“It sucks” is the prevailing theory about the internet now, and this is not wrong. There are all kinds of guesses as to why it might be: According to legal scholar and coiner of the phrase “net neutrality” Tim Wu, it’s because of media consolidation and chumboxes; according to author Roxane Gay, it’s because of our tendency to presume the worst in others. Tech journalist Charlie Warzel says it’s because of platform-enabled context collapse, while Atlantic columnist Caitlin Flanagan blames Twitter. Perhaps it’s the never-ending mudslide of algorithmically generated content that leaves individuals stuck under a pile of hatred and extremism, or the ”Like” button, or maybe it’s Congress’s fault.
All of these things are likely true to some extent, but the theory I’ve been thinking about lately is what the writer P.E. Moskowitz calls the “BuzzFeedification of mental health” and which I’d argue can also be widened to the BuzzFeedification of identity (no shade to BuzzFeed or its quizzes, of course, which provide a great service to the procrastinating).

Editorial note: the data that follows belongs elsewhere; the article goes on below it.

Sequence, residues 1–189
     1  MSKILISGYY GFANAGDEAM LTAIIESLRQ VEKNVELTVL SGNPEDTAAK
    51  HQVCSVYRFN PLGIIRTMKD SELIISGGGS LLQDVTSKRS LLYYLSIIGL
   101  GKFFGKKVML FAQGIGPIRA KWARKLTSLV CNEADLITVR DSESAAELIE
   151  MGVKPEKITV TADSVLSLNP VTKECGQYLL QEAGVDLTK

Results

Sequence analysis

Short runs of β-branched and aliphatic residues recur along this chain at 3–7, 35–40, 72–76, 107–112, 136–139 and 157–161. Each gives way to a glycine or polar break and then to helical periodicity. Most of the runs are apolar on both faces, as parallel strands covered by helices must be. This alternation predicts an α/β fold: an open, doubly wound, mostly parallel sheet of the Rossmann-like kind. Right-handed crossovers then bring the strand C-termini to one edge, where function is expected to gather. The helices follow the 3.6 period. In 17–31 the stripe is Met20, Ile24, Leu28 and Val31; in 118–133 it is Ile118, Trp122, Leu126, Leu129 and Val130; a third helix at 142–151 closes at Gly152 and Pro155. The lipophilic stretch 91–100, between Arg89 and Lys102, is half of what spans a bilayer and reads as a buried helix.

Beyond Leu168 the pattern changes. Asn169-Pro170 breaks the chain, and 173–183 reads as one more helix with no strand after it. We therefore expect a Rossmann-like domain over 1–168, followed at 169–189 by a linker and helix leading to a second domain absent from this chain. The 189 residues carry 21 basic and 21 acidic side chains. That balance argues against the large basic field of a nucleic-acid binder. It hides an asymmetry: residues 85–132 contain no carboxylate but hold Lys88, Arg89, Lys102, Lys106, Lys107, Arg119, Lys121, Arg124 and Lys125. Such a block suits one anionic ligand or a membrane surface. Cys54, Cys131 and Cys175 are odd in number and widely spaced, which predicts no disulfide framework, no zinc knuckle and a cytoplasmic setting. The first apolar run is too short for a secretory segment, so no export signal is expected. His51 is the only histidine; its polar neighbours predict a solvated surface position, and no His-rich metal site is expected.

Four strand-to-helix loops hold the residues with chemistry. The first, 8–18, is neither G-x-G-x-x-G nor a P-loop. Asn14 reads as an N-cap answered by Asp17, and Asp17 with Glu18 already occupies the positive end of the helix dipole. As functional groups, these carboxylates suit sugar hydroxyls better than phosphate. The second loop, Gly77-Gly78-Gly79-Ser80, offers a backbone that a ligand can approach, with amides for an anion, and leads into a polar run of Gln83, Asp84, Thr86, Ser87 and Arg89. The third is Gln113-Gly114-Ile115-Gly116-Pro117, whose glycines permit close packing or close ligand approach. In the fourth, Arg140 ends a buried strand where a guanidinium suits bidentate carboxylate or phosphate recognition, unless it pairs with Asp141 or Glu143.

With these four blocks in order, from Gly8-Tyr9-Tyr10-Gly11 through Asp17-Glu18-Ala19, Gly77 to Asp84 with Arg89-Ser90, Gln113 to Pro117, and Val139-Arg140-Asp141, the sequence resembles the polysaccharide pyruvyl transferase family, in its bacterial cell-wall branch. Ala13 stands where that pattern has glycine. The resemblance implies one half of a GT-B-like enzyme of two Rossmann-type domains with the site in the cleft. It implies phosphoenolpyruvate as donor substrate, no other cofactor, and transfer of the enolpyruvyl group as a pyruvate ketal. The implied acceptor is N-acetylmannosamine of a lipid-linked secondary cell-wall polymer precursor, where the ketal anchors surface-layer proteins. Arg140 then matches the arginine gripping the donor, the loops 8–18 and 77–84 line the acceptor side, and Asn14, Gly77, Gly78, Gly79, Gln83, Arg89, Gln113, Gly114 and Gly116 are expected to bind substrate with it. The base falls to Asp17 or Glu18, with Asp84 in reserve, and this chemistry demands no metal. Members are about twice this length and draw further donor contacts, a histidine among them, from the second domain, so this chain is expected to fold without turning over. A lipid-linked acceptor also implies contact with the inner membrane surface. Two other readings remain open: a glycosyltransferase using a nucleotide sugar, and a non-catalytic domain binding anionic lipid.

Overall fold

“The internet is basically a categorization machine, so part of me thinks it’s inherent to the internet, or at least inherent to corporate social media, where we all feel so overwhelmed by the vastness of the space and the number of people we interact with that we must whittle ourselves down into categories,” Moskowitz told me over email. “ADHD, bipolar, whatever it may be, become micro communities we can find safety and meaning in.”
Self-selective processes are natural for human beings, and they can obviously be quite useful on the internet, where some amount of gatekeeping is necessary to foster a certain environment. Groups for people whom society often marginalizes — like, say, those with mental illness or who share a common history of trauma — must enforce an element of exclusivity in order to be useful. The trouble starts when, Moskowitz argues, these identity markers are used as a rhetorical tool.
Moskowitz was the subject of this sort of vitriol in early August, when they posted a photo of their Tetris-like parallel parking job. The photo went viral on Twitter, with dozens of people quote-tweeting and replying that Moskowitz was ableist for failing to consider the cars that now might have a difficult time exiting their spot. They were also called a “malignant narcissist” (not an actual term psychologists would use) by someone who explained that they knew a malignant narcissist when they saw one because, they said, they’d been raised by a malignant narcissist.